Functional medicine – Functional medicine represents an evolution in the practice of medicine that better addresses the healthcare needs of the 21st century. By shifting the traditional disease centered focus of medical practice to a more patient centered approach, functional medicine addresses the whole person, not just an isolated set of symptoms.
Complementary and alternative healing modalities – Complementary and alternative therapies follow these basic principles: (1) complementary and alternative therapies are based on the body’s innate ability to heal itself, (2) complementary and alternative medicine does not rely on prescription drugs, surgery, and other conventional medical procedures, however, these options and their potential benefits are not discounted either; (3) complementary and alternative medicine looks at the underlying cause of the problem and addresses the whole person (mind, body, emotions, spirit) without just masking the symptoms; and (4) the goal is to create optimum health by focusing on preventing disease and helping patients feel the best they can as much as treating disease.
Western Medicine – Western or allopathic medicine is recognized in the United States as mainstream or conventional medicine, as opposed to alternative and complementary medicine. Western medicine is the educational approach followed by the vast majority of American medical schools and residency programs.
Board certified pediatricians – The American Board of Medical Specialties (ABMS) (www.abms.org) is an umbrella organization that awards 24 specialty certifications through individual medical boards for each specialty. Specialty boards have been approved jointly by the ABMS and the American Medical Association Council on Medical Education (AMA/CME) since 1933. Pediatricians are subject to review and certification by the American Board of Pediatrics (www.abp.org). All of the doctors at GetzWell Pediatrics are board certified pediatricians.
Several very recent polls have indicated that 40% of American families do not plan to vaccinate their children against the H1N1 flu. Meanwhile, CDC and state health officials continue to stress the need for children, teens, pregnant mothers and other high risk groups to obtain the vaccine. Who is right?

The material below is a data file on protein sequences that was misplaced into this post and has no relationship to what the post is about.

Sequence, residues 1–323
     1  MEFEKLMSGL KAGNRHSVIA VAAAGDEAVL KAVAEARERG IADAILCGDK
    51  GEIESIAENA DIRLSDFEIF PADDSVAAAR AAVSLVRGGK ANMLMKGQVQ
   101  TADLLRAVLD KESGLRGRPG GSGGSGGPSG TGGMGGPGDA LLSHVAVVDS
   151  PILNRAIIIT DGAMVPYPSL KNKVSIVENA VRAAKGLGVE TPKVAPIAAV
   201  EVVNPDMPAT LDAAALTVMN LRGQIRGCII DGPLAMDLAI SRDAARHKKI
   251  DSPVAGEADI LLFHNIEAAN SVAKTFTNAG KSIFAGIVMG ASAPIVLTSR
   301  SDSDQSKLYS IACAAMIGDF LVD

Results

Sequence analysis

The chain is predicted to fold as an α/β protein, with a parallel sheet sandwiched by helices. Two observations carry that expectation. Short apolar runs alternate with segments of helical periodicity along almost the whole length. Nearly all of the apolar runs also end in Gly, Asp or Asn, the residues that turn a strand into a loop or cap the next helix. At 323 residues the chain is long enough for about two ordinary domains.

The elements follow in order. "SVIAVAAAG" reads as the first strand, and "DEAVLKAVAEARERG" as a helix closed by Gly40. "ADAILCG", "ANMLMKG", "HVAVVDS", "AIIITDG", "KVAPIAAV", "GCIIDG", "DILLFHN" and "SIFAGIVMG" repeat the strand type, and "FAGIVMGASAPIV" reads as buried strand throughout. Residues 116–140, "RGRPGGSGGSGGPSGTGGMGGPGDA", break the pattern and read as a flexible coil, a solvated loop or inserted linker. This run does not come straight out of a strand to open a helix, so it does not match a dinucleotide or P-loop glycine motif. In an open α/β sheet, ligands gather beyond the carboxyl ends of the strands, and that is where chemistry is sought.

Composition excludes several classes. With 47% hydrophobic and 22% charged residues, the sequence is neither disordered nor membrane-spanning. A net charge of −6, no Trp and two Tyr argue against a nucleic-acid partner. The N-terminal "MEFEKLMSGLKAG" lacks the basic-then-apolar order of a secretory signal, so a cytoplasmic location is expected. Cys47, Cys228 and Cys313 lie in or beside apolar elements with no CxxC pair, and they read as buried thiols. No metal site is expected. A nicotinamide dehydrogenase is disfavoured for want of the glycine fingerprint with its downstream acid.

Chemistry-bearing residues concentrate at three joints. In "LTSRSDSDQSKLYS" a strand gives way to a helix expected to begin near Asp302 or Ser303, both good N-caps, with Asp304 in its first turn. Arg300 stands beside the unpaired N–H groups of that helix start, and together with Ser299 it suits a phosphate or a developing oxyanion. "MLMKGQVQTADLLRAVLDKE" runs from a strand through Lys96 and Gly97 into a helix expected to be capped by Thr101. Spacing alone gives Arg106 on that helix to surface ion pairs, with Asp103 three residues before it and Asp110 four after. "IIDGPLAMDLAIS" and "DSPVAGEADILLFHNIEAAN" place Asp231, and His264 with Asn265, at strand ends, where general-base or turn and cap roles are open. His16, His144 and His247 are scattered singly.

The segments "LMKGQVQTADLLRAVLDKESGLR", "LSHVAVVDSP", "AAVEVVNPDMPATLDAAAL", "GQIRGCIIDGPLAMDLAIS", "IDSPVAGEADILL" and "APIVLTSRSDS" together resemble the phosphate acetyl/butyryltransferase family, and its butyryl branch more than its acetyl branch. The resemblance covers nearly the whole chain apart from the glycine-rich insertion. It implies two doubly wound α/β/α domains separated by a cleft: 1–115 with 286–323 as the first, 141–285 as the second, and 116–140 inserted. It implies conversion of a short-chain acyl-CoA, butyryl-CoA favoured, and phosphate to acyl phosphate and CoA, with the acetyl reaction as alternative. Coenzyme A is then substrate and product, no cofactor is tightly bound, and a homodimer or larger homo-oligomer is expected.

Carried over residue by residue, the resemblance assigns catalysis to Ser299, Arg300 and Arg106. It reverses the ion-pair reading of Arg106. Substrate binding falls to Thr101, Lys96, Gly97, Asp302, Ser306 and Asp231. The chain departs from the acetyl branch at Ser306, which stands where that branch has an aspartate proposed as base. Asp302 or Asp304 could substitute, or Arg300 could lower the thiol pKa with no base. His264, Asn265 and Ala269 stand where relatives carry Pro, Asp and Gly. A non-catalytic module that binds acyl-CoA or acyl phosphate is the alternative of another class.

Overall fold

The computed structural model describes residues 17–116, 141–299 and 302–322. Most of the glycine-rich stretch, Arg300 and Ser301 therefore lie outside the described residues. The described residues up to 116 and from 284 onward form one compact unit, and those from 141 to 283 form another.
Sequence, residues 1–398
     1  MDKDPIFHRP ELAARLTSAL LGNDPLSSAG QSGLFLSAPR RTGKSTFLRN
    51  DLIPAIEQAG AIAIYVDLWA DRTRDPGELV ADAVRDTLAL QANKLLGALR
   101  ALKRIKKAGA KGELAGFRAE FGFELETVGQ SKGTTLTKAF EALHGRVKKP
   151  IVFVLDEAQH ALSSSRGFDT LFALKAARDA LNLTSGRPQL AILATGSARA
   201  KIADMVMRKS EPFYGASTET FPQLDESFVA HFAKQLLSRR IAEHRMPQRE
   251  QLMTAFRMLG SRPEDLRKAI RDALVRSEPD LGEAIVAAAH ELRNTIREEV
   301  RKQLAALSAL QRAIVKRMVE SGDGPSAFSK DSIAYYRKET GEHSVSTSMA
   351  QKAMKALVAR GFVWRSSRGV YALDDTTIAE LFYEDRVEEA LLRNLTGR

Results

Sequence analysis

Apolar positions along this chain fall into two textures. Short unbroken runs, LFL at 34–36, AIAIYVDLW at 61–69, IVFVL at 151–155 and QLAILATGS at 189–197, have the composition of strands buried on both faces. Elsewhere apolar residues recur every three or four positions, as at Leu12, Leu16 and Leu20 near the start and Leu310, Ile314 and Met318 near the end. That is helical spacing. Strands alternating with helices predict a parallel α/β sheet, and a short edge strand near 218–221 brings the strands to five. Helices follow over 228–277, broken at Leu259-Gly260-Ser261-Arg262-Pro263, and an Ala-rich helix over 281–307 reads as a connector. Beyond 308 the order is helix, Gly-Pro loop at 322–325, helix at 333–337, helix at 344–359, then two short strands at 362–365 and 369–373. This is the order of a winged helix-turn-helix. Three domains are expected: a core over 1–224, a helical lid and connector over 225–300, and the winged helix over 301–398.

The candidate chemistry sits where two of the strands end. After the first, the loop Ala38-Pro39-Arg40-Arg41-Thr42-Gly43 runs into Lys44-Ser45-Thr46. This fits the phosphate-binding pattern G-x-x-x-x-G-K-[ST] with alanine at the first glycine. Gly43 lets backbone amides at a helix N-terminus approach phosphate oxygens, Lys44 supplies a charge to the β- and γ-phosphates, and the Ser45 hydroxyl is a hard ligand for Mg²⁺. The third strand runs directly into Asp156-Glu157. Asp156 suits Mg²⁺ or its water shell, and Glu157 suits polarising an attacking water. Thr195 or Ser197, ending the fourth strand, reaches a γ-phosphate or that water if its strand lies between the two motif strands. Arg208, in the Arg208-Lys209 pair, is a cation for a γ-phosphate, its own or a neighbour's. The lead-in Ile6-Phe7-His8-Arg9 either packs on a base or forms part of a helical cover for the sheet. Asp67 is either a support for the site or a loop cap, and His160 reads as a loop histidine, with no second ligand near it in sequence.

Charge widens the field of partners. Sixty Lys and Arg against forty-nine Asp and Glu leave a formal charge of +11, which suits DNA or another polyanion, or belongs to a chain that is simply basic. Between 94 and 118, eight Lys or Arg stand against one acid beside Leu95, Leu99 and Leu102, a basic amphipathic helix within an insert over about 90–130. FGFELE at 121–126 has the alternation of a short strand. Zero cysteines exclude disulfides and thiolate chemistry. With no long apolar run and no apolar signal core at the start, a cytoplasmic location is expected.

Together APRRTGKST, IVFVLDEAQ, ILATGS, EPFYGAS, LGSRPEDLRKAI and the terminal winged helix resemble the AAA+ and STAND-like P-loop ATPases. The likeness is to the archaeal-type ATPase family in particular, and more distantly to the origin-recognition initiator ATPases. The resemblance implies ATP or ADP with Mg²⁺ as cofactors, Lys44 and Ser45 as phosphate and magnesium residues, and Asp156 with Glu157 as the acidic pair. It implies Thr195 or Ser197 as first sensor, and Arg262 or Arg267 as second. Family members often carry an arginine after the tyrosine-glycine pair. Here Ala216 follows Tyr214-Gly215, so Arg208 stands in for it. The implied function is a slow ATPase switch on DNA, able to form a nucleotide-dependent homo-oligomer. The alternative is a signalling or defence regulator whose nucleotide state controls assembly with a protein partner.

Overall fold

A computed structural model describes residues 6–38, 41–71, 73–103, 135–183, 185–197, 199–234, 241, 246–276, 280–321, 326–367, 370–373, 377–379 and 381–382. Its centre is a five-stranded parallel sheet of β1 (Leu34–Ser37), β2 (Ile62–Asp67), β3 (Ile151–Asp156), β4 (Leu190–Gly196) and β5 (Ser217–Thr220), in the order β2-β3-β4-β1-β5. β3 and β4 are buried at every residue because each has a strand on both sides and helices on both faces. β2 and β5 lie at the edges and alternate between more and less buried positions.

All pregnant and lactating women should have their vitamin D levels checked because many of us are deficient and don’t know it. Vitamin D deficiency during pregnancy has been linked with an almost 4 times higher Cesarean-section rate (J Clinical Endocrinol Metab. 2009 Mar; 94(3):940-5). Maternal deficiency during pregnancy has also been correlated with low birth weight, pre-eclampsia (dangerously high blood pressure, swelling, protein in the urine, and in some cases maternal death), and gestational diabetes.
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Learn more about Omega-3s during your pregnancy and while breast feeding, plus see Dr. Getzelman’s Favorite Fish Taco Recipe.
Probiotics are the beneficial bacteria and yeast that live in our intestinal tracts and help support not only good digestion and optimal absorption of nutrients but our overall health and well being. It sounds strange, but these single cell organisms affect us in ways we can hardly imagine and which modern science is now beginning to elucidate. Probiotics may help promote healthy mood, keep us from sniffling and sneezing, and bind toxins and heavy metals (like mercury) in order to better excrete these poisons. By the time we are adults, 3-4 lbs of our body weight is accounted for by these organisms alone! However, most of us in modern industrial society do not have an optimal mix of intestinal bacteria due to antibiotics, antacids, stress, lack of sleep, fast food, and hydrogenated oils, among other culprits.